For the first time, yoga is formally part of the conference program.  A colleague in veterinary industry is teaching the morning sessions, which are great to wake up the body and mind before a day of lectures.  I’m looking forward to attending her class.  The evening yoga is where I’m teaching a 30 minute Restorative practice, to help people wind down before going home.  As a type-A personality with an introvert tendency, I have learned how to go-go-go.  Eventually, there comes a point in time where I have to be quiet and reconnect to myself.  Restorative yoga allows me to practice my relaxation skills.  Everything gets better with repetition and relaxation can be learned.

A veterinarian’s work is about helping animals and their owners, with additional responsibilities if you specialize in large animals, academia, industry or public health.   Veterinarians are taught “how-to-do” these things with great skill and efficiency.  But along with that, we need to be taught how to rest our minds and bodies.  In this way, we sustain ourselves and the profession.

Mindfulness Meditation Retreat 2015

Nicole: You know how everyone’s always saying seize the moment? I don’t know, I’m kinda thinking it’s the other way around. You know, like the moment seizes us.

Mason: Yeah. Yeah, I know. It’s constant – -the moment. It’s just… It’s like it’s always right now, you know?

Nicole: Yeah.

~Boyhood, 2014

Like a kid waiting for Christmas, I looked forward to being “seized by the moment”.  I was going to see my fellow veterinarians at the Mindfulness Meditation Retreat in Chicago.  Through initial introductions via the Veterinary Information Network, our cyberspace meetings become corporeal.  The names on the computer screen would have faces and voices!  I’d come to share a deep connection with those who had attended every year.  It was this sense of community that drew more newcomers to explore what the weekend was all about.

For the last four years, Dr. Michele Gaspar has organized the retreats in Chicago.  Her vision is to have veterinarians find healthier ways to manage with the work we do.  Sharing our stories was a large part of the time spent together.  The stage was set early by the 24 people that attended.  Many felt free to express their thoughts in this non-judgemental space.  Listening and talking helped us realize how we’re not alone in our daily struggles, as we seek to provide the best care for our patients and their owners.

We needed a different tool for skillful living so we explored how mindfulness meditation could help.  There was a big focus on developing a sitting, breath-centered practice.  This would be a better way to deal with the thoughts (worries, anxiety, stress, depression) than the behaviours we’d been using and which were no longer working for us.  Sitting and watching our thoughts would teach us to pause before reacting, observe how our thoughts were being generated (sometimes randomly) by our overactive minds and that we could eventually learn how to co-exist with uncomfortable thoughts.  We sat several times each morning and afternoon.  My experience, of repeatedly being still and quiet, helped to peel away the layers of tension I didn’t want to acknowledge or maybe even knew existed.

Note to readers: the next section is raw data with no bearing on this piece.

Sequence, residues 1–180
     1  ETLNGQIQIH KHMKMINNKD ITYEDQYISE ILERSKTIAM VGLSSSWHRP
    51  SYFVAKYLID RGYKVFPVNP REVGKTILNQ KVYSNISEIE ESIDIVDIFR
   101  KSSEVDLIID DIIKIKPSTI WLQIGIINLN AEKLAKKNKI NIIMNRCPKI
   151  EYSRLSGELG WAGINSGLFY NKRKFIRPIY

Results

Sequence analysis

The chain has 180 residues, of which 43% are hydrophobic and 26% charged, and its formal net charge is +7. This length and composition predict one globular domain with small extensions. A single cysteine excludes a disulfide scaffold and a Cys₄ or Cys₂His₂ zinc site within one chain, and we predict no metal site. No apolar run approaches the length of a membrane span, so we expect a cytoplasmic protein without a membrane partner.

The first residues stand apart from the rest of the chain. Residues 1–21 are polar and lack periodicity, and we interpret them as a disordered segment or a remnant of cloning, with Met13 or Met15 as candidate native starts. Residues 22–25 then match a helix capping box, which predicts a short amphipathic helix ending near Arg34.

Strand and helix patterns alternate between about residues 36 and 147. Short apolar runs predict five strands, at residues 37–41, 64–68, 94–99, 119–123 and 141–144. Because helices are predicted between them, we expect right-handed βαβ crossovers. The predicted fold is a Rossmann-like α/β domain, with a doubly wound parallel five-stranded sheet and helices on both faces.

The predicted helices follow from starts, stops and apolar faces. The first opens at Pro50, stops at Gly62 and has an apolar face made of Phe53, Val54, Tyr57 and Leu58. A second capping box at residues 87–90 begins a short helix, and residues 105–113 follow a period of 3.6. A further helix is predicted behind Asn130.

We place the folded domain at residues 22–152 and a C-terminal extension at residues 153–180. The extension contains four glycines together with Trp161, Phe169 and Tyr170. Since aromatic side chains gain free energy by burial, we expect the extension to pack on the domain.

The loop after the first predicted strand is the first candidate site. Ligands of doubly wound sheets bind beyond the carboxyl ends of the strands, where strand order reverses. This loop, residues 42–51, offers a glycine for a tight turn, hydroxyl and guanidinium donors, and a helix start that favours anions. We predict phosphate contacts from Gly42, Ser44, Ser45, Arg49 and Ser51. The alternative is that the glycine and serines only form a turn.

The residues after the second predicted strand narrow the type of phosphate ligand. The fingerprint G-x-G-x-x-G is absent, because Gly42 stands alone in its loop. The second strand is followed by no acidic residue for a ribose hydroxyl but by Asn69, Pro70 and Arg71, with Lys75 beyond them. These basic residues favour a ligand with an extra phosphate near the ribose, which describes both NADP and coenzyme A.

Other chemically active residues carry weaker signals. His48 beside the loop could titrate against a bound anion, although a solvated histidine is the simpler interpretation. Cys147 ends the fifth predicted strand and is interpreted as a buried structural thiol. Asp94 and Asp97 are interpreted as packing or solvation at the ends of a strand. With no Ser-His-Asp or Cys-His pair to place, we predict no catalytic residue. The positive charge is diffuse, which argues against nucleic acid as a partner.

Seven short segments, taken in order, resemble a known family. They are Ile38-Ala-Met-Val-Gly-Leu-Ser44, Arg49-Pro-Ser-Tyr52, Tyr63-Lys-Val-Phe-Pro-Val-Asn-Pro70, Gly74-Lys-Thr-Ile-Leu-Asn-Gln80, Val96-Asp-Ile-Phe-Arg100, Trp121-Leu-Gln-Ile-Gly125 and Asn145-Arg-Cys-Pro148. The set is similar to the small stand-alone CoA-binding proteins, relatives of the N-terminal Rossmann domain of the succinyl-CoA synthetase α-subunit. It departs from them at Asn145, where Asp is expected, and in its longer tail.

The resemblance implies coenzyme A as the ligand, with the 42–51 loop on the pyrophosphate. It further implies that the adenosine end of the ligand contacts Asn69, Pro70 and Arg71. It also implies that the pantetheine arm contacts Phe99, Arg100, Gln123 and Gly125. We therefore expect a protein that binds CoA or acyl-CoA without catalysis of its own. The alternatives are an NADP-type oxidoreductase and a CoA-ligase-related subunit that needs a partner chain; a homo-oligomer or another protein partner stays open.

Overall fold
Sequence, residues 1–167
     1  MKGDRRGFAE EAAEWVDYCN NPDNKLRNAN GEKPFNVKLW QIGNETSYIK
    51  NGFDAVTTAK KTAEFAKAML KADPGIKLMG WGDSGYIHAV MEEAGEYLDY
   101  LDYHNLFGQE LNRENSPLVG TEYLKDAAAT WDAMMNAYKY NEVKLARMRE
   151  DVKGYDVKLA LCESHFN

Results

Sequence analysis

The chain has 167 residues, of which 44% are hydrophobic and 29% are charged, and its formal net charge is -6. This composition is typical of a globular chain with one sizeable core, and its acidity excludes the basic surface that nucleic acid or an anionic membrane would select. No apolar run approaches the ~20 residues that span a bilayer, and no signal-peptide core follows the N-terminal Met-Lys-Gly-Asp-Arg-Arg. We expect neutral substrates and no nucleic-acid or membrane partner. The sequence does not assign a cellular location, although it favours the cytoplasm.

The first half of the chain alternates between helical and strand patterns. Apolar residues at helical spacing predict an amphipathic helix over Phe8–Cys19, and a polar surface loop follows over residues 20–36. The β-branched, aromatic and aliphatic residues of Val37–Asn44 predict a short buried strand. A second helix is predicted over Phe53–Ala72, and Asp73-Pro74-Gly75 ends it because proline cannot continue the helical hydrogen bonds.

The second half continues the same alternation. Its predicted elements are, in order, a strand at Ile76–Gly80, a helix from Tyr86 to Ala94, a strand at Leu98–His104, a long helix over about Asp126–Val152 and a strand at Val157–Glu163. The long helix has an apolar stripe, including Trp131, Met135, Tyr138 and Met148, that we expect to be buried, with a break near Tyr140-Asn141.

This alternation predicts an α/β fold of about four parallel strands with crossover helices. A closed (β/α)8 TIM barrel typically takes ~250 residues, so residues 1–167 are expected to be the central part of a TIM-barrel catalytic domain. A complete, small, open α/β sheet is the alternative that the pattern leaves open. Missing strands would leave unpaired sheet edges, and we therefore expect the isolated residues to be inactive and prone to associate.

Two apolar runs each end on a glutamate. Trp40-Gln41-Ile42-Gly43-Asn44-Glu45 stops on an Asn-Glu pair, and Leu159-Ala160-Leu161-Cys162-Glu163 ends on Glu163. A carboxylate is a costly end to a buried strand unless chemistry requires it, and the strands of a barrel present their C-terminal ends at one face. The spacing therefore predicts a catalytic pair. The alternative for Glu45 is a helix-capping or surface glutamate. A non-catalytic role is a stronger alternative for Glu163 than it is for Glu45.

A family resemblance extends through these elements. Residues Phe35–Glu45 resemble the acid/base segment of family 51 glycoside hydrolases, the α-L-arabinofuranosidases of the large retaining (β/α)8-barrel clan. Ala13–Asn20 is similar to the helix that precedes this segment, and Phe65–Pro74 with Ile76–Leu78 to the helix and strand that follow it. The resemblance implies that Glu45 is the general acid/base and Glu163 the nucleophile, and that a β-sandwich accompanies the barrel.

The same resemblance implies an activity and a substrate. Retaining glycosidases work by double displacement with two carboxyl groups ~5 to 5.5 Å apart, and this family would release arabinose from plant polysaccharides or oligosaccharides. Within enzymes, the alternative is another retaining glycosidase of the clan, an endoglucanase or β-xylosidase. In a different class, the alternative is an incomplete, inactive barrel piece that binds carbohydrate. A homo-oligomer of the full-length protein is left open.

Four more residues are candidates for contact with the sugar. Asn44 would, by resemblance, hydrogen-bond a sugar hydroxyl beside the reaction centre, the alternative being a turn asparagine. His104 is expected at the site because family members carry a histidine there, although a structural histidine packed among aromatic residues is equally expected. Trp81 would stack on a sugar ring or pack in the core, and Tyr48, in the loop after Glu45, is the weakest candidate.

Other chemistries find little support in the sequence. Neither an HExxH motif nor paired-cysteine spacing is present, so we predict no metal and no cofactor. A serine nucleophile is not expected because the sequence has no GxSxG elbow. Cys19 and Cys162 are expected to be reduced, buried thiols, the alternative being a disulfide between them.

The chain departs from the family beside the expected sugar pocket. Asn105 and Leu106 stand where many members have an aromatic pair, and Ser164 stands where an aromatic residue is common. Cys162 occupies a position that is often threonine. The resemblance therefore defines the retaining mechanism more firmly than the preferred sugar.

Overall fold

Through yoga, we also developed our mind-body awareness.  After spending most of my life living in my head, I knew how it could lead to a disconnect from my body.  I had the opportunity to teach a few basic classes and a chair yoga sequence during the weekend.  I did it with the intention of feeling the sensations in the body, in order to link breath with movement.  It was encouraging to introduce yoga to those that were new to it, as well practice with colleagues who had already discovered its benefits.  I tried to let people understand the yoga poses were nothing more than a physical manifestation.  We were the ones bringing our stories and interpretations along with us, onto the mat.

We’d just gotten comfortable with being in a group.  We shared meals, took a walk and had a chance to rest.  There was gelato, while watching a movie.  Before we knew it, our moments together had passed.  We’d have to wait another year before we could reconnect.  Knowing these people are out there, doing the best they can, is heart-warming and will continue to encourage me everyday.

Making Space for Silence

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There’s so much external noise, sometimes it’s hard to hear myself think.  Lately, I’ve been trying to make some space.

Starting the Midday Mindfulness Meditation at the Ontario Veterinary Medical Association Conference was a step in that direction.   Continue reading

Mindfulness Meditation at OVC

My life decisions over the last five years are taking me places I never expected to go.  Introducing mindfulness meditation to the students at the Ontario Veterinary College (OVC) is definitely one of those.

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2014 Mindfulness Meditation Retreat

Before I knew it, the weekend I’d been anticipating for so long had finally arrived.  I was on a plane to Chicago for the 2014 Mindfulness Meditation Retreat, organized by Michele Gaspar, to see old friends and meet some new ones.

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A note to my veterinary colleagues

I thought of you today.

Whether you are still in veterinary college, out in private practice, working in academia or industry, I offer the following to you.

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Yoga for veterinarians

It finally happened.

I had dreamed but never thought I’d be able to teach yoga on VIN (Veterinary Information Network).  I just finished presenting an on-line course to 80+ veterinarians (with more that will view the recording later).  My motto is I’m just a small animal vet, living her yoga and still very much a work in progress.  I wanted to show others how they could do it too.